A polar orbit which is synchronous with the Sun, usually at an altitude of between 600-800Â km (SSO)
An orbit in which a satellite is always in the same position with respect to the rotating Earth at the same time of day. [NOAA
Orbit whose plane rotates about the polar axis at the same rate as the Earth revolves about the Sun, i.e. one complete rotation a year.
In a sun-synchronous orbit, the satellite passes over the same part of the Earth at approximately the same local time each day. The satellite's orbital plane appears to be fixed with respect to the sun. For example, the satellite will pass over the Great Lakes at the same local time for each ascending pass and at the same local time of day for each descending pass. The times are different for ascending and descending passes, however.
An orbit timed for a satellite to proceed over any given point on the landscape at roughly the same local sun time, providing repeatable sun illumination conditions during specific seasons.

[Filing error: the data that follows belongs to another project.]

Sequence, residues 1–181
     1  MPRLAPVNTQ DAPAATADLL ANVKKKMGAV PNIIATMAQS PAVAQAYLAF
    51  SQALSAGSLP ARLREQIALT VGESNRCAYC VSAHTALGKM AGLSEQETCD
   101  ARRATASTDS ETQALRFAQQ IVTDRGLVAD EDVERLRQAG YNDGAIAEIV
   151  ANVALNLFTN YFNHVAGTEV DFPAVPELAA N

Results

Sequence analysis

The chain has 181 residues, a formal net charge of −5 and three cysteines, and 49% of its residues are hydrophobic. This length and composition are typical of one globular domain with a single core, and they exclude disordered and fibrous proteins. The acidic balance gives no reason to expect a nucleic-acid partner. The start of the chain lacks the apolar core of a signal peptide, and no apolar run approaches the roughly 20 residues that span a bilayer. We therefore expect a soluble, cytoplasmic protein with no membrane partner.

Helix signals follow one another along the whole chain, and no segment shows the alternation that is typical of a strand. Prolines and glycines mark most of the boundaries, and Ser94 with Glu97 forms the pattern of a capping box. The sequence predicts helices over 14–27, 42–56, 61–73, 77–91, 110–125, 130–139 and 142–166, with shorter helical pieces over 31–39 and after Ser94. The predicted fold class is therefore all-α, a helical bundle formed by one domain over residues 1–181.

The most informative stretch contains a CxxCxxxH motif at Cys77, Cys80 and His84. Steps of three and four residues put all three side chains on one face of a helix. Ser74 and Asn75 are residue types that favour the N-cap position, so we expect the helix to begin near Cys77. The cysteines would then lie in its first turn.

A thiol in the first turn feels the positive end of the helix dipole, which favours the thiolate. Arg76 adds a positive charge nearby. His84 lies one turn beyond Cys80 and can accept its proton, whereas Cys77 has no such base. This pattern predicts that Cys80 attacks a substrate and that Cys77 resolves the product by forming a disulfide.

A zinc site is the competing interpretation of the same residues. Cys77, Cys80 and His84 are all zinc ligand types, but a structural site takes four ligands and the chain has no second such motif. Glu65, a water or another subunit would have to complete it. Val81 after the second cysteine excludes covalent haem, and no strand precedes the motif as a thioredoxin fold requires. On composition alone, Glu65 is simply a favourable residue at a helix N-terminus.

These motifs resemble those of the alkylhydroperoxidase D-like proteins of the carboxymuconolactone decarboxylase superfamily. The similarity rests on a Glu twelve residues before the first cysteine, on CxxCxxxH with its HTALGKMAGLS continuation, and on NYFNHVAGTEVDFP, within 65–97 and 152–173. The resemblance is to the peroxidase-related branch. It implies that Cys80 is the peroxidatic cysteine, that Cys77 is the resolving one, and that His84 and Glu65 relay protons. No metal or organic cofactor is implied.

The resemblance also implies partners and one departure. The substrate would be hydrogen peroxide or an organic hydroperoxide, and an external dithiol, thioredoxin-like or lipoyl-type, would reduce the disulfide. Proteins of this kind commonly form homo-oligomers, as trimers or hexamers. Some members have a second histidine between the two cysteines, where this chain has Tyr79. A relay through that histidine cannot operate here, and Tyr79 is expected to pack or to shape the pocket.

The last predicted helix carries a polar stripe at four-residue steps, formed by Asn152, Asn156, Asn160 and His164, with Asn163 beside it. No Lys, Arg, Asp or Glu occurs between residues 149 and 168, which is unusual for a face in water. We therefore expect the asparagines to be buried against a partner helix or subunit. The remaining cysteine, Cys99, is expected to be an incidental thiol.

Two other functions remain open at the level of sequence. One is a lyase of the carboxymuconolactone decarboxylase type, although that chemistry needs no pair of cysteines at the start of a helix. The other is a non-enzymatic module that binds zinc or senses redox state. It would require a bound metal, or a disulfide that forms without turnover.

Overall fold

A special case of the polar orbit. In a sun-synchronous orbit, the satellite passes over the same part of the Earth at roughly the same local time each day. Sun-synchronous orbits are usually meduim or low orbits.
a near-Earth orbit resembling that of a polar satellite, but inclined to it by a small angle. With the proper inclination angle, the equatorial bulge causes the orbit to rotate during the year once around the polar axis. Such a satellite then maintains a fixed position relative to the Sun and can, for instance, avoid entering the Earth's shadow.
An orbit that precesses 360° during the course of the year, permitting the satellite to obtain views of a given geographical area at the same local time each day. sun-synchronous satellite always crosses the equator on the ascending node at the same local solar time.
This article is about a class of orbits about the Earth. For a class of orbits around the sun, see heliosynchronous orbit.